By League of Education Voters Policy Team
We believe students come first. We are focused first and foremost on meeting the needs of every student.
We are dedicated to designing an equitable education system that serves all students based on their strengths, supports their needs, and provides the resources they need to be successful.
We are committed to working to close gaps experienced by historically and systemically underserved students— including students of color, students in poverty, students qualifying for special education services, students learning English, and students impacted by trauma. We believe this will lead to all students experiencing greater success and reaching their full potential.
Historically, local levies have provided about one quarter of K-12 education funding in Washington state, amounting to $2.6 billion in school year 2018-19. In 2018-19, districts raised an average of $2,395 per student in local levy funding, with levies ranging from $86 per student in some districts to over $4,000 in others. This difference is driven not only by the levy rates, or amounts that district voters agree to tax themselves, but also by the property values in a district.
For example, in 2018-19 one district passed a levy of about $1.13 per $1,000 of assessed value and raised $198 per student, while a higher property value district passed a similar levy of $1.14 per $1,000 of assessed value to raise $4,381 per student. (1)
WHAT HAS CHANGED?
As part of the legislative solution to fully fund basic education, several changes were made to how much districts can raise through the levy system that went into effect in January 2019. The two biggest changes to the levy system relate to the formula used to calculate how much districts can raise through levies and placing a lower overall limit on how much districts can raise. (2)
New Formula: Starting in January 2019, the levy rate a district can pass was capped at $1.50 per $1,000 of assessed property value or a levy rate that would generate $2,500 per student, whichever would be a lower levy rate.
- E.g., If a district can raise $2,500 per student with a levy rate of $0.80 per $1,000 of assessed value, then their max levy is $0.80.
- E.g., If a district can only raise $1,000 per student with a levy rate of $1.50 per $1,000 of assessed value, then their max levy is $1.50.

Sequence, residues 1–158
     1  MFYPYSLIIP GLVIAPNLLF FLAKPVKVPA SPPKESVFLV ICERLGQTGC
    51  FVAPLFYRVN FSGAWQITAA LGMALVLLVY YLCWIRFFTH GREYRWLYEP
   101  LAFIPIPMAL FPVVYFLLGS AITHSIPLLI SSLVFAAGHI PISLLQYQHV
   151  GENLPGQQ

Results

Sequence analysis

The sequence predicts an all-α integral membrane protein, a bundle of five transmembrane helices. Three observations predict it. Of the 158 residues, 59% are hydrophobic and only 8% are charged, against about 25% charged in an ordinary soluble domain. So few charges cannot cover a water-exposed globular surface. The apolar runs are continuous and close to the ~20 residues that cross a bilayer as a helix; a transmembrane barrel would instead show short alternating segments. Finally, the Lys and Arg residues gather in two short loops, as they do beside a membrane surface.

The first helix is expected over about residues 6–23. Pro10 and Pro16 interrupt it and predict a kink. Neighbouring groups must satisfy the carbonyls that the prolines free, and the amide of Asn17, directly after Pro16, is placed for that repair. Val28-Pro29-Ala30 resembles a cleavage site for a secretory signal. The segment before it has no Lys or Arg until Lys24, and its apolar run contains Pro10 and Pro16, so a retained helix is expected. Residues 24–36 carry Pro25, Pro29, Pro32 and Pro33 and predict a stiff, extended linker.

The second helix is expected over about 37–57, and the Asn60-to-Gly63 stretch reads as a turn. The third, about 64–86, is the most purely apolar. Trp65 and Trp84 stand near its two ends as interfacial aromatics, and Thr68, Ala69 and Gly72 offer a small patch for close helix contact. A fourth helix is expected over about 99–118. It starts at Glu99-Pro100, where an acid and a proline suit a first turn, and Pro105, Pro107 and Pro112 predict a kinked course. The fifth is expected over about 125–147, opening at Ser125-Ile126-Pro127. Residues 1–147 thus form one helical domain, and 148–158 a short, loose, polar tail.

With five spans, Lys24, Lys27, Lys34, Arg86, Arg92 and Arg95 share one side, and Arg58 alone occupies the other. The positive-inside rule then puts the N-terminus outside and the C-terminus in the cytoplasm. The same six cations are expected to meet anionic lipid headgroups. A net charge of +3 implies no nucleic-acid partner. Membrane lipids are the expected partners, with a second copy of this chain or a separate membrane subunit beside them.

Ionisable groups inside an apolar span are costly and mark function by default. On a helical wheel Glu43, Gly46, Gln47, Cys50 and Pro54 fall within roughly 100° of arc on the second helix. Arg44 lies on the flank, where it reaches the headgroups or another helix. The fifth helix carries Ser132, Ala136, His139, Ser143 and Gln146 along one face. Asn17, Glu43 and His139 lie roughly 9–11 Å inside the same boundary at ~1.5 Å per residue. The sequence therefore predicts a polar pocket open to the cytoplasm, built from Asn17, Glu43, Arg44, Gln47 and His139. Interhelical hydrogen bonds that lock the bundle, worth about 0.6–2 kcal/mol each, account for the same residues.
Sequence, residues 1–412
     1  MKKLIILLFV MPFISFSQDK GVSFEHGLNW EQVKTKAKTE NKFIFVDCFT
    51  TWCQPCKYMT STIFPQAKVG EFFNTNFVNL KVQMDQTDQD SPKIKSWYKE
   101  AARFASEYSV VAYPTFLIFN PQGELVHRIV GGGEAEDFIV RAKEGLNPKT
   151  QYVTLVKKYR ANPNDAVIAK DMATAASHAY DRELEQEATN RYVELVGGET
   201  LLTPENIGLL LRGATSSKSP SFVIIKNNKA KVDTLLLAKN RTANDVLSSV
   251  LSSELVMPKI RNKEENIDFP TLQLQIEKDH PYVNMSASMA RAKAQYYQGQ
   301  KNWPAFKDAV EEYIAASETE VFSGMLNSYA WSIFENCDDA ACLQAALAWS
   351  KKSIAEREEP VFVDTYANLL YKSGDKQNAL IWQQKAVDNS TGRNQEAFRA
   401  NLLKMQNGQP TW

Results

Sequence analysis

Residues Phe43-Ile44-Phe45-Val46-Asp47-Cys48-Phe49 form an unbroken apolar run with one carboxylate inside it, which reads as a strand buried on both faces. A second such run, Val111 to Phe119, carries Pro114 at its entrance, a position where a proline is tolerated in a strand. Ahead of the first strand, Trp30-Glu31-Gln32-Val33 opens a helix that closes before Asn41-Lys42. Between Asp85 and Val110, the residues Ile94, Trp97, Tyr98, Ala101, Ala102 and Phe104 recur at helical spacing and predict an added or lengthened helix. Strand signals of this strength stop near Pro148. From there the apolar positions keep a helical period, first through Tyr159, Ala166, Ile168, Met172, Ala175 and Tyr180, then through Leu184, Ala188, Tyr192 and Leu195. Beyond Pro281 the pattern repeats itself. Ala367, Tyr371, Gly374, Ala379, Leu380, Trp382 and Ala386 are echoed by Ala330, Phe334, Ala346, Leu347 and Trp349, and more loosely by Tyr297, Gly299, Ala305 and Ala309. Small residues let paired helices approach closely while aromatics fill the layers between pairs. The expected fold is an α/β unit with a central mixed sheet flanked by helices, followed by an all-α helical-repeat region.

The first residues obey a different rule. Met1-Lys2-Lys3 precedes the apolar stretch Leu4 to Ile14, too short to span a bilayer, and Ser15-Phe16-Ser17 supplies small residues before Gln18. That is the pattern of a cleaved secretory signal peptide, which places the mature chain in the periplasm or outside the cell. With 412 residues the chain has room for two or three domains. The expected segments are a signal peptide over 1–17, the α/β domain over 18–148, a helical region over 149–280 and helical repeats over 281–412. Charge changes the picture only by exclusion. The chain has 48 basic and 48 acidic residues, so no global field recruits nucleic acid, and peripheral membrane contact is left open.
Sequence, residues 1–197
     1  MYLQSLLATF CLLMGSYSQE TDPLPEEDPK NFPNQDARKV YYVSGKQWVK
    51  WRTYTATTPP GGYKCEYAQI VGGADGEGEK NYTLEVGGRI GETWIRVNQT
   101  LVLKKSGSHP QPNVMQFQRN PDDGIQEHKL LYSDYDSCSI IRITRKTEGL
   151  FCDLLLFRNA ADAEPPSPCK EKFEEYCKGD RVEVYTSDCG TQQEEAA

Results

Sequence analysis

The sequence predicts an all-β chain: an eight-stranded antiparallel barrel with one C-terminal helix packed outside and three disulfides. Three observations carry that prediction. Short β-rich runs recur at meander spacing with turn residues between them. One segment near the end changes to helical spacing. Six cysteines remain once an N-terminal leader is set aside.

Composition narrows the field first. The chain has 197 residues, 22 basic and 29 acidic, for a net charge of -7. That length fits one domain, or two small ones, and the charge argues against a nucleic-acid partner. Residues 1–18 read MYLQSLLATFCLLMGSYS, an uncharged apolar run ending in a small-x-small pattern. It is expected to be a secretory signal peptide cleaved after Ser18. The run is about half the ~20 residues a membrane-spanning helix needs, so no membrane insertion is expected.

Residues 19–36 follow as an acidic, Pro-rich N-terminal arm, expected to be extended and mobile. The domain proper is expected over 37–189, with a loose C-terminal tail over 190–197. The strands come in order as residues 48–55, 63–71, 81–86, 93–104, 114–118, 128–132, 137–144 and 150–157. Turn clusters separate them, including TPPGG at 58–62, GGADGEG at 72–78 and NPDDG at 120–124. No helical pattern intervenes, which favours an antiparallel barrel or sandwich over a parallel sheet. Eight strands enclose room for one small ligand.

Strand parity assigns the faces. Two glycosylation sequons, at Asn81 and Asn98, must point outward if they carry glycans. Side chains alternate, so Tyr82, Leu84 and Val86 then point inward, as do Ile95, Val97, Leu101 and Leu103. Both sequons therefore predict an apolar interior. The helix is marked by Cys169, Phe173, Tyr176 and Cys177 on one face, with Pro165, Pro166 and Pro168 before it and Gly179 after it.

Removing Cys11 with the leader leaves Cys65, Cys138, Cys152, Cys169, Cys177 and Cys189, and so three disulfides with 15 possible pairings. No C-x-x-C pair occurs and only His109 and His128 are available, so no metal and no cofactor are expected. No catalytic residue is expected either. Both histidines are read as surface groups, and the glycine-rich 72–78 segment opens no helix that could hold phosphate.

Less available levy funding: The previous max levy districts could pass allowed some districts to raise more than $4,000 per student through their levies. The new levy formula that began in January 2019 caps districts at $2,500 per student. This change is expected to reduce levy revenues from $2.5 billion per year to around $1.5 billion per year starting in 2019-2020.
LOCAL EFFORT ASSISTANCE (LEA)
Because of differences in property values, some districts can pass a levy with a levy tax rate of $0.57 and raise $2,500 per student while other districts can pass a levy rate of $1.50 and raise only $83 per student. To compensate for the difference in ability to raise money through local levies, the state supplements districts with higher than average levy tax rates by providing additional funding called Local Effort Assistance (LEA). By providing additional resources for eligible low-income districts, but not ensuring low-income and higher-income districts are provided with equal resources LEA, as currently designed, eases, but does not eliminate, the levy inequity between districts.
- For LEA eligible districts, their combined local levy revenues and LEA funding are capped at $1,500 per student.
- A district’s amount of LEA funding is determined by how close they come to passing their maximum allowable levy. E.g., A district using 50% of their $1.50 levy authority by passing a levy rate of $0.75/$1,000 assessed property value would be able to receive 50% of their maximum LEA.
OSPI PROJECTED LEVY RATES AND REVENUES
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(2020-21 school year)
The current laws concerning district levies and Local Effort Assistance (LEA) create a two-tiered levy system in which the 179 LEA eligible districts are capped at a total of $1,500 per student in combined levy and LEA funding, while 50 non-LEA districts are able to raise the maximum of $2,500 per student in levy funding. (3) The 66 remaining districts are able to raise between $1,500 – $2,500 per student. LEA eligible districts with lower levy caps also serve a higher percentage of low-income students. This means that districts with higher percentages of high needs students have access to less money than higher income districts.
The $1,000 per student funding difference between districts creates a funding inequity rooted in property wealth that disadvantages low-income communities. This inequity should be addressed, by increasing LEA to provide eligible districts with up to $2,500, so that the local levy system is a tool to enhance the program of education for all communities regardless of wealth.
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